If I had to characterize these last few months of market machinations, the word I would purposefully choose to use is “historic.”
But to paraphrase swashbuckling movie character Inigo Montoya from The Princess Bride, “I don’t-a think it-a means-a what-a-you think it-a means-a.”
As supply chains shake off last year’s rust and the global economy gradually reopens — most countries are lagging the United States in that regard — we are going to see some eye-popping economic data come in. And these four market indicators for 2021 tell the whole story.
The sudden surge of spending — amplified by COVID-19-driven global government largesse — has caused consumer spending to recover rapidly, which has in turn caused prices to soar.
In terms of year-on-year change, we very well may see the highest numbers some of us have seen in our lifetimes… Mostly because we’re just coming off the lowest numbers most of us have seen in our lifetimes.
So I think this year’s “historic” deserves those quotes. Yes, it will technically be true… but also, it’s where soaring spending (which contributes to GDP growth) and soaring prices (or in other words, inflation) wind up that will be most relevant to actual history.
Because those two factors — inflation and growth — are literally what drive economies behind the scenes, while financial media pundits instead cry “CRYPTO!” or “TESLA!” or “GAMESTOP!”
Legendary investor Ray Dalio in his book “Principles” lays this concept out really well.
For most financial analysts like myself, the mantra is straightforward.
If you get GDP right and you get inflation right, then you can get a whole bunch of other things right, too.
That’s literally the entire reason I pay attention to macroeconomic data and consume as much research on the subject as I possibly can.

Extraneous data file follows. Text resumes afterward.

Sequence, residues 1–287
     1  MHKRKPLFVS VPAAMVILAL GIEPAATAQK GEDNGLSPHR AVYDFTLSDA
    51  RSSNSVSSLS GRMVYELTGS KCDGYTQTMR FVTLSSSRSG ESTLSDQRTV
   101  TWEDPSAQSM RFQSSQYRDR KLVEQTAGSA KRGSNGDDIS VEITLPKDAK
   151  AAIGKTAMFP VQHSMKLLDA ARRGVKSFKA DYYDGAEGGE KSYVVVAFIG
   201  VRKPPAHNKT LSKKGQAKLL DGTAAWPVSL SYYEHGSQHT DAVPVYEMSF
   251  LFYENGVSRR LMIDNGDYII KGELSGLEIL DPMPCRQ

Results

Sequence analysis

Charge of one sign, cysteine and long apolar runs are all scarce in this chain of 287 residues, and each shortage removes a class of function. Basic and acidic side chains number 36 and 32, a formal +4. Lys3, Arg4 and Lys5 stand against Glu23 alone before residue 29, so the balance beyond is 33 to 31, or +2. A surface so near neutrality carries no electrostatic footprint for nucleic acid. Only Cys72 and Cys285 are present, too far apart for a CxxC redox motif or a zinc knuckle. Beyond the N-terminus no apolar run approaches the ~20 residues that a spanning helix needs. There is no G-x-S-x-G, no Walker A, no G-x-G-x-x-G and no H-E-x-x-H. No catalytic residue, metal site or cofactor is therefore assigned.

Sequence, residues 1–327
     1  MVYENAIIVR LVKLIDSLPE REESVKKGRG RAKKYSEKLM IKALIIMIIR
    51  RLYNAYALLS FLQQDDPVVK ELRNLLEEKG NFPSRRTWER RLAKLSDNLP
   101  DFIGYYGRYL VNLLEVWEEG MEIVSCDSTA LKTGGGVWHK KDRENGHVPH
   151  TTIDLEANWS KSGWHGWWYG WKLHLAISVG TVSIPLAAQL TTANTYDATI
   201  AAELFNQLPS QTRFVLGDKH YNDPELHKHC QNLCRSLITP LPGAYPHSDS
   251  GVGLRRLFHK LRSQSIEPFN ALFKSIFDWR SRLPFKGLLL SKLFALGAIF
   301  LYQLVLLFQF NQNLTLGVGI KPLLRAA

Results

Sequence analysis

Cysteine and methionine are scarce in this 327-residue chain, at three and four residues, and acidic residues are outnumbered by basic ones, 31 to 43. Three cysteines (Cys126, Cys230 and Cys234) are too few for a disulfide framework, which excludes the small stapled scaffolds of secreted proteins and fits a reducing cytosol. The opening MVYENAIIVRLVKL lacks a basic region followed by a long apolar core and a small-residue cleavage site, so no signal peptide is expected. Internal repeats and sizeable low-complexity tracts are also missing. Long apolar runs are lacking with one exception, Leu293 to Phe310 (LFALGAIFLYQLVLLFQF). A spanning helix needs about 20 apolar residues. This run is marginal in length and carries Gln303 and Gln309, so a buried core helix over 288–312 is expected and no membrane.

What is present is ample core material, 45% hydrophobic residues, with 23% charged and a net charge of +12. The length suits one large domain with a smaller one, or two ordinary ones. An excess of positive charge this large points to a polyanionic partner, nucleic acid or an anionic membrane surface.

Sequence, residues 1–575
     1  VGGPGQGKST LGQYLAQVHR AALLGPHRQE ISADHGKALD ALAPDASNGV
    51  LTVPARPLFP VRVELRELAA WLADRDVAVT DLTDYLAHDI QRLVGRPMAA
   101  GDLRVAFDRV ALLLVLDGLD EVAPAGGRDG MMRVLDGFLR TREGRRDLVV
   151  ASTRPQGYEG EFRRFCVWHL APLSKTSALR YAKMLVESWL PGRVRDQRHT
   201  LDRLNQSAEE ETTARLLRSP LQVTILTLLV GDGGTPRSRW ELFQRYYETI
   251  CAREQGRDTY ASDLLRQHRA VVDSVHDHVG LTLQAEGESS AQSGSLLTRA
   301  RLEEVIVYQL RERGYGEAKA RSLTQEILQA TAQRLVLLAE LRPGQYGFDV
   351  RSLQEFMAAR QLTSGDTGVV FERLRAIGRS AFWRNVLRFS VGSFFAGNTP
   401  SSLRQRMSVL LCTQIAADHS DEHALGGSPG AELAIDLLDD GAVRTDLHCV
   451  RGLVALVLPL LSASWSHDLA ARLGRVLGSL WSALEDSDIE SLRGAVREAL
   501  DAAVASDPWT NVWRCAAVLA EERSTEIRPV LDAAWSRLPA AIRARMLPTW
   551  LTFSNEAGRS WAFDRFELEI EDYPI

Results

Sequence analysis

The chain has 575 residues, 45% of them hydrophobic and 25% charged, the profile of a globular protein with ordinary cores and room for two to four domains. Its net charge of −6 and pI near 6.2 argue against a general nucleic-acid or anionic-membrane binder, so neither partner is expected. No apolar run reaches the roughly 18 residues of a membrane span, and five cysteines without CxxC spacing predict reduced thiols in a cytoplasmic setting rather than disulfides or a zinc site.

Most of this data is lumped toward the beginning and end of the month, so these two weeks of transition are pretty intense for me.
This time around, I was also doing work for several different clients across different industries all at once. So instead of the usual garden hose of data pointed at me, it was more like a fire hose.
But I got through it… turns out being both persistent and stubborn has its advantages.
Here’s what I found…
If you want to freak out some old economists, try comparing current inflationary pressures to the 1970’s.
They might not believe you at first, but if you show them this chart, they’ll probably come around.
That white line moving violently up and down is the ISM Prices Paid Index, going all the way back to the year 1960.
This index is one of many surveys (New Orders, Backlog of Orders, New Export Orders, Imports, Production, Supplier Deliveries, Inventories, Customers Inventories, Employment and Prices) that ISM sends out to over 400 industrial companies every month.
The value is derived by calculating the net difference between the number of responses saying prices are going up, and the number that say prices are going down.
This month, it came in at 92.1, which is the highest level since… 1979.
Now, before you clutch your own pearls, realize that this metric is only showing how widespread inflation is — not the rate of change of prices, and not their absolute values relative to particular historical levels.
“I don’t-a think it-a means-a what-a-you think it-a means-a.”
If consumers are tapped out, then prices eventually stop increasing.
That means we also need to look at jobs as one of our market indicators for 2021.
When you first file for unemployment, that’s called an initial claim.
During the COVID-19 lockdowns last year, initial claims went to a historical high — one that was actually historic, and not “historic” in quotation marks.